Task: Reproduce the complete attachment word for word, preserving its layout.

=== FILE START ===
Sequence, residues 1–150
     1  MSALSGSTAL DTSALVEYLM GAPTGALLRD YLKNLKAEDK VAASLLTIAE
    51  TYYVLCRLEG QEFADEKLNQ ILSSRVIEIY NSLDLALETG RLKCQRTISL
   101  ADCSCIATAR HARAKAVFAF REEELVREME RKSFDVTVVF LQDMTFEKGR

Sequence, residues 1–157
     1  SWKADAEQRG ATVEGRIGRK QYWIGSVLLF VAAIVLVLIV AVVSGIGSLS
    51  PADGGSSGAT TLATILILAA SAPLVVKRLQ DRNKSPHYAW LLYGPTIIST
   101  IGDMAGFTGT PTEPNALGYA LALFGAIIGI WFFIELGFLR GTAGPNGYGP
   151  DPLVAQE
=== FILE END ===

Sequence, residues 1–150
     1  MSALSGSTAL DTSALVEYLM GAPTGALLRD YLKNLKAEDK VAASLLTIAE
    51  TYYVLCRLEG QEFADEKLNQ ILSSRVIEIY NSLDLALETG RLKCQRTISL
   101  ADCSCIATAR HARAKAVFAF REEELVREME RKSFDVTVVF LQDMTFEKGR

Sequence, residues 1–157
     1  SWKADAEQRG ATVEGRIGRK QYWIGSVLLF VAAIVLVLIV AVVSGIGSLS
    51  PADGGSSGAT TLATILILAA SAPLVVKRLQ DRNKSPHYAW LLYGPTIIST
   101  IGDMAGFTGT PTEPNALGYA LALFGAIIGI WFFIELGFLR GTAGPNGYGP
   151  DPLVAQE